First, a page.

You can play various games and there are many available that can be played with the character LCD. By fitting larger arcade-style buttons to the enclsoure, the unit can be used for longer sessions. Steven runs through his creation in the following video:

To get started with your own version, visit the Notendo's project page. And for more, we're on facebookGoogle+, and twitter - so follow us for news and product updates as well.

Looking for a rapid-use LCD for your Arduino or compatible projects such as the ohm meter above? Save time and move forward with the Freetronics LCD & Keypad shield which contains a bright 16x2 character LCD and five buttons that can be read from only one analogue input pin:

December 15, 2014

Control your Arduino with a smile

With the right software on a host PC, your Arduino or compatible can be controlled via all sorts of methods - even a smile. This has been demonsntrated by Marianna Mezhibovskaya who uses smile-recognition software on a Mac and an Arduino to make a smile-controlled candy machine.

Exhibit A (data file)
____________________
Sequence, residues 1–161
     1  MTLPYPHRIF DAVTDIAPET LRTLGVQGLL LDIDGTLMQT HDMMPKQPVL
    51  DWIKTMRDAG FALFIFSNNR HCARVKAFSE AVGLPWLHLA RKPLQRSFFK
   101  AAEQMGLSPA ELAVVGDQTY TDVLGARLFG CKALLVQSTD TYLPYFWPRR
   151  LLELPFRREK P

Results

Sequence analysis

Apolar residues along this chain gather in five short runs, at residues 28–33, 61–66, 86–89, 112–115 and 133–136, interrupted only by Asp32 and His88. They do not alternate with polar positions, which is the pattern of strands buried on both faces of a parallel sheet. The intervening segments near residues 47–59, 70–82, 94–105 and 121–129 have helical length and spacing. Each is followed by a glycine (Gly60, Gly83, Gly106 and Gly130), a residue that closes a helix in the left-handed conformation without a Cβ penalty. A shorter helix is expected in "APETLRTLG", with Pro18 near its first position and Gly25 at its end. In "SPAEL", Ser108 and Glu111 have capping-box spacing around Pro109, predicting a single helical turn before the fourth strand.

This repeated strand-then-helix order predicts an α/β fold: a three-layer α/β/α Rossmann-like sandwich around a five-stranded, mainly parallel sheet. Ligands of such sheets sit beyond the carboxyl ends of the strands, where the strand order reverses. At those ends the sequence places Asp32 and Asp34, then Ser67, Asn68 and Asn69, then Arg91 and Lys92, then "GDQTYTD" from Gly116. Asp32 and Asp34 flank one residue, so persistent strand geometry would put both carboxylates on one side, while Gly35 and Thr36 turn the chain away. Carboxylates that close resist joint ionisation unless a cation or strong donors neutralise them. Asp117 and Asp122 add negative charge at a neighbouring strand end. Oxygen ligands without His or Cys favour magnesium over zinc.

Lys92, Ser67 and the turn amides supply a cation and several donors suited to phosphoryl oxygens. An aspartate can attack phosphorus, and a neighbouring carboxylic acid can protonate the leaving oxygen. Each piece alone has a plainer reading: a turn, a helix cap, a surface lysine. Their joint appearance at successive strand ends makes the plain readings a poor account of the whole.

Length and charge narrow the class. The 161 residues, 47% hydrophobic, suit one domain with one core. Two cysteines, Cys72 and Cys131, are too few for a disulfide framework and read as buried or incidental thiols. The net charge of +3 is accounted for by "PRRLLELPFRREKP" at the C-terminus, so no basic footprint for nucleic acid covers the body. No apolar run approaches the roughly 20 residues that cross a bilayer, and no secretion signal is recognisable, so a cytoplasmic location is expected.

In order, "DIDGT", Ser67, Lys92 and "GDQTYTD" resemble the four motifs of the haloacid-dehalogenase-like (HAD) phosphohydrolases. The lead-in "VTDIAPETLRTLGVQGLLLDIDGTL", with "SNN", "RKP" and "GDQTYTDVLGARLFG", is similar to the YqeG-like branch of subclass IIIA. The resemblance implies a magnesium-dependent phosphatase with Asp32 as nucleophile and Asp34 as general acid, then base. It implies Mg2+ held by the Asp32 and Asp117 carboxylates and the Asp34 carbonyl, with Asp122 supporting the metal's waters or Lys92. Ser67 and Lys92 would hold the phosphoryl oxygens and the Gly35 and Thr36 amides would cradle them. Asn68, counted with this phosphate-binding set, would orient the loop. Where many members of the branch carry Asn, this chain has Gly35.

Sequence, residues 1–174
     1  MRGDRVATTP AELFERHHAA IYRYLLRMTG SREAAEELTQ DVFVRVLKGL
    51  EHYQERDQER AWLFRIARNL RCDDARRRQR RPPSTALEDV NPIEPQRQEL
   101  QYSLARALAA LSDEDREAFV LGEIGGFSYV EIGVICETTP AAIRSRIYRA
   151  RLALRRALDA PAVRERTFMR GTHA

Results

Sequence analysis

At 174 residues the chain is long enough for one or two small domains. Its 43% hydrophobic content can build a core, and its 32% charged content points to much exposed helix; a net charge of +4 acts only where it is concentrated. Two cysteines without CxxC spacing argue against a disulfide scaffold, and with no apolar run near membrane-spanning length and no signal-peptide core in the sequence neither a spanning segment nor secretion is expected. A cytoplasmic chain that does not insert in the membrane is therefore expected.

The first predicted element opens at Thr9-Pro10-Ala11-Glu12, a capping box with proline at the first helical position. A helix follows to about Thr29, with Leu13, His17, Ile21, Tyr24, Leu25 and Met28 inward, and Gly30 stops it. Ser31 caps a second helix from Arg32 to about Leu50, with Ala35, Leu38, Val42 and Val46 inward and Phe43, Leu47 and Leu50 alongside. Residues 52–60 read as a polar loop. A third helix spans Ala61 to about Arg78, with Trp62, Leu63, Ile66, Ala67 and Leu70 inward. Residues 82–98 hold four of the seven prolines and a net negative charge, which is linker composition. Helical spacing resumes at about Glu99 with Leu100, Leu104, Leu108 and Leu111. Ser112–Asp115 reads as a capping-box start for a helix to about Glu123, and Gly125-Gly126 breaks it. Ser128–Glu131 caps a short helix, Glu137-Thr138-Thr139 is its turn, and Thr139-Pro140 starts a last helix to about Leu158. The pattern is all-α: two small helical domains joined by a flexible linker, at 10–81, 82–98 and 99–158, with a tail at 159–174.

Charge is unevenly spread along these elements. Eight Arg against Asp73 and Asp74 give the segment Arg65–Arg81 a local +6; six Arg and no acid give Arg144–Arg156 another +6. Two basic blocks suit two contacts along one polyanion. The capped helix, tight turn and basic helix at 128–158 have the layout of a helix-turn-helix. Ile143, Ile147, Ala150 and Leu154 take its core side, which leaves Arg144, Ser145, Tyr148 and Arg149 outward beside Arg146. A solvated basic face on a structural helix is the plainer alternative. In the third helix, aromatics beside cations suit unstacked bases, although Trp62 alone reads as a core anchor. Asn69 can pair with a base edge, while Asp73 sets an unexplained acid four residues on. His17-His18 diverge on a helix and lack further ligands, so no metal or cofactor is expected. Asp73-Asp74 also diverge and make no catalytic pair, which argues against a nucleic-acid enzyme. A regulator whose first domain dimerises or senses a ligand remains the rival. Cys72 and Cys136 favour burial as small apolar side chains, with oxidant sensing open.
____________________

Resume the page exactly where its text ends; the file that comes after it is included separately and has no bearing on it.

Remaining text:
The software uses a webcam to determine if the subject is smiling - and if so, sends serial text via USB to the Arduino which takes action. In this case it controls the motor inside the candy machine to dispense some treats. This is shown in the following comedic video:

For more information on this project, including download links for the required software and code - visit the project page. And for more, we're on facebookGoogle+, and twitter - so follow us for news and product updates as well.

If you need to add external hardware or devices to your next Arduino project, you'll need a protoshield to mount the external circuitry. In doing so, consider our range of ProtoShields. From the tiny LeoStick to the Mega we have a wide range to suit your application.

December 15, 2014